(Washington, D.C. -- April 17, 2006) While the recent parliamentary election demonstrated that voter preferences have shifted within the Orange Coalition since the 2004 elections, Ukraine's overall political landscape has remained the same, according to two experts on Ukraine. Taras Kuzio and Jan Maksymiuk told an RFE/RL audience in Washington last week that President Victor Yushchenko faces a difficult decision in choosing coalition partners -- a choice that will determine Ukraine's foreign and domestic trajectory.
Maksymiuk, RFE/RL analyst for Ukraine and Belarus, said that the surprise winner of the election was former Prime Minister Yulia Tymoshenko, whose party tallied 5.6 million votes nationwide -- up from 2 million in 2004. In contrast, he said that Yushchenko's support decreased significantly from 2004. Tymoshenko, Maksymiuk said, was perceived by the electorate as more committed to the ideals of the Orange Revolution than Yushchenko. Kuzio, a Professor of Russian and Eurasian Studies at George Washington University, agreed, tracing the roots of this perception to September 2005, when Yushchenko relieved Tymoshenko of her duties as Prime Minister and, in order to secure parliament's confirmation of his choice to replace Tymoshenko, signed an agreement with opposition leader Victor Yanukovych.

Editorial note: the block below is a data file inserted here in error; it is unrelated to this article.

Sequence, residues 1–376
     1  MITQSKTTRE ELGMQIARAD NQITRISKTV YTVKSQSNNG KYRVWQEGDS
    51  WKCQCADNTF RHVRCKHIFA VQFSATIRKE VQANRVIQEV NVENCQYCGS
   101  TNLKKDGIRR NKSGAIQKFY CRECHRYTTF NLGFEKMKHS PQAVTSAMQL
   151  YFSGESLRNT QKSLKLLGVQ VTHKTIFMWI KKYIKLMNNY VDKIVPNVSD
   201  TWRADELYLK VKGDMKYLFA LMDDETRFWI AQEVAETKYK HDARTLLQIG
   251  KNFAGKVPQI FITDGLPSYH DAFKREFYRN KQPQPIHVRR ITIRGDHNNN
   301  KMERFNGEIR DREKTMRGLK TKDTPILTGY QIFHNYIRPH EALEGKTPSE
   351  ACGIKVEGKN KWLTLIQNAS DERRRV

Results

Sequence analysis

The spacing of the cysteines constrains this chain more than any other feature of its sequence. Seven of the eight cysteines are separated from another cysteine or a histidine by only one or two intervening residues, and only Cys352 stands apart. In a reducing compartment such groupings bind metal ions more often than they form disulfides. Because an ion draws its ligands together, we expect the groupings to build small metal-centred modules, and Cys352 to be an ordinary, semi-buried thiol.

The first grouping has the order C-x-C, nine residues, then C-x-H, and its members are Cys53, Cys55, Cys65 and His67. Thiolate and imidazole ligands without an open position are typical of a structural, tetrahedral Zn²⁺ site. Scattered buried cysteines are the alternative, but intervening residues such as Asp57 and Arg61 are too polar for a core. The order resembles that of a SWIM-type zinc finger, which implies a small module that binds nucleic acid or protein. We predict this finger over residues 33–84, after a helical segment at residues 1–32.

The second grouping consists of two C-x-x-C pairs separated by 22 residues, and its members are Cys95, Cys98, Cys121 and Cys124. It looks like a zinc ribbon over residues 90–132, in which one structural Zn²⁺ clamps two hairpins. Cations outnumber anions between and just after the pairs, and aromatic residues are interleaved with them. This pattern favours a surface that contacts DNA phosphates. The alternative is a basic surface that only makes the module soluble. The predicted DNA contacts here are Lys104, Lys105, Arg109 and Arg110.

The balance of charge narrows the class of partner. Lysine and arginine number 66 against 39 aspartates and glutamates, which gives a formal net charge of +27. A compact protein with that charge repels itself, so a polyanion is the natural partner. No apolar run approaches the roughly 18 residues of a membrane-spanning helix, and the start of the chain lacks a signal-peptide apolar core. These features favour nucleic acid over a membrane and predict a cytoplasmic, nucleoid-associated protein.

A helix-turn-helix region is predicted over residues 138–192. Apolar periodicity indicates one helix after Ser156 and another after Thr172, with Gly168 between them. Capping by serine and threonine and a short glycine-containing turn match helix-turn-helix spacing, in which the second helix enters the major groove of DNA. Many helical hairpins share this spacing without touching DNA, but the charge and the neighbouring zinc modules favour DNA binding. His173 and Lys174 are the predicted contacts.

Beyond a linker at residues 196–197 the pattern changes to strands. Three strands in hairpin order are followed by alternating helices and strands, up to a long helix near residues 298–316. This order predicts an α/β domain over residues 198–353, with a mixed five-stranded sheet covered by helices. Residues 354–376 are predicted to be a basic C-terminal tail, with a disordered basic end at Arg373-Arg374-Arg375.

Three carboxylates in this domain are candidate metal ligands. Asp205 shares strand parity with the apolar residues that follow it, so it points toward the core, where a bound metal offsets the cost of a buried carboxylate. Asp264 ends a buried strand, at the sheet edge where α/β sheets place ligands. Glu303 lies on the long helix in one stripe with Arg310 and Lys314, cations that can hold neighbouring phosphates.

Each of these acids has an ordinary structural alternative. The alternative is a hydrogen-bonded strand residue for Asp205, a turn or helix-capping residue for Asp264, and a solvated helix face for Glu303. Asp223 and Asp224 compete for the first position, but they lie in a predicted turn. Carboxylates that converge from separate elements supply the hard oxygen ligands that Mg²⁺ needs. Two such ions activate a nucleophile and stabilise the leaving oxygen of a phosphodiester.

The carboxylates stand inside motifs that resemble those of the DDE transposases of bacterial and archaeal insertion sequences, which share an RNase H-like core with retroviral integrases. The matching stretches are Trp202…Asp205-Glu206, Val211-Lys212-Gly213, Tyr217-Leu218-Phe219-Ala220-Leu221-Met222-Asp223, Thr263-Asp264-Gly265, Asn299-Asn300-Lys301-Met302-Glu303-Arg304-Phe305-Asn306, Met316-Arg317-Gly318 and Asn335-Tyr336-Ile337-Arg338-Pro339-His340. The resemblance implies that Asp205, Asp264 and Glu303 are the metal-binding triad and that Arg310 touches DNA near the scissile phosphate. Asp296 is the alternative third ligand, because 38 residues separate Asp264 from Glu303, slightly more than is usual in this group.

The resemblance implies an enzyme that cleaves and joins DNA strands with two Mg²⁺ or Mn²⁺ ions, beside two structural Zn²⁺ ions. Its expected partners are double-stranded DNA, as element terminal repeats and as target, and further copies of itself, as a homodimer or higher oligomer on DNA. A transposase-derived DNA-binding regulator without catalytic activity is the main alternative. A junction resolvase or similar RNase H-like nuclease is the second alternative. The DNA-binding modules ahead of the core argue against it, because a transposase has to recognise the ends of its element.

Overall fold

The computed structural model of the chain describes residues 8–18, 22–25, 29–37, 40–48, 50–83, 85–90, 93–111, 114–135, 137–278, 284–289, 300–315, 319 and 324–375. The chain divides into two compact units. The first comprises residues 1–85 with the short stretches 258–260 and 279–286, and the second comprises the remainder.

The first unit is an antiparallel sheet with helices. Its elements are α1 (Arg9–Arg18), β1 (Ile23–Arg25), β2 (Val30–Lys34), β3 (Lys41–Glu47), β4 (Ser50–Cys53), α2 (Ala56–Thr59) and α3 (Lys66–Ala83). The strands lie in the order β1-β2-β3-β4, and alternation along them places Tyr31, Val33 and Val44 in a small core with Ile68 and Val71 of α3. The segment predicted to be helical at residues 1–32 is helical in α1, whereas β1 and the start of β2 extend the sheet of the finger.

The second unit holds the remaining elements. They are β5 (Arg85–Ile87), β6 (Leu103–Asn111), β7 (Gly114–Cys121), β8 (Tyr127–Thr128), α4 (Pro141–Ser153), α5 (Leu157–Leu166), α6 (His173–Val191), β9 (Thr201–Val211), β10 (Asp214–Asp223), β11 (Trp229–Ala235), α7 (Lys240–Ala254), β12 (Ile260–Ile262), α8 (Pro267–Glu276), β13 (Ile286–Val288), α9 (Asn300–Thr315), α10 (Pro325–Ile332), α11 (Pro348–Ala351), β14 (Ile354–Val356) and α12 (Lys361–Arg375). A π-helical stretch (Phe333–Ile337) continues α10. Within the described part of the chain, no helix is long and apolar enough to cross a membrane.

Both Kuzio and Maksymiuk noted that geography, more than ideology, defines Ukraine's political landscape. The oblasts in which parties associated with the Orange Revolution dominate can be found in Ukraine's west and central regions, including Kyiv, while the "blue" regions aligned with Yanukovych are located in the south and east of the country.
Yushchenko, according to Maksymiuk, faces an unenviable dilemma: "One coalition is bad, the other is worse." Maksymiuk said Yushchenko could partner with Tymoshenko, who has personality conflicts with some of Yushchenko's ministers and who may insist on returning as Prime Minister. By doing so, she would position herself as a rival to Yushchenko in the 2009 presidential elections. By contrast, a partnership between Yushchenko and Yanukovych may lead to a worse result and, according to Kuzio, "the end of Yushchenko's political career." One potential consequence of partnering with Yanukovych, according to Kuzio, is that talks on NATO accession could be derailed. Furthermore, Kuzio said that such a coalition would compromise Ukraine's relationship with the United States and European Union. Though both analysts endorsed Tymoshenko as the optimal coalition partner, neither ventured to speculate what Yushchenko's decision would be.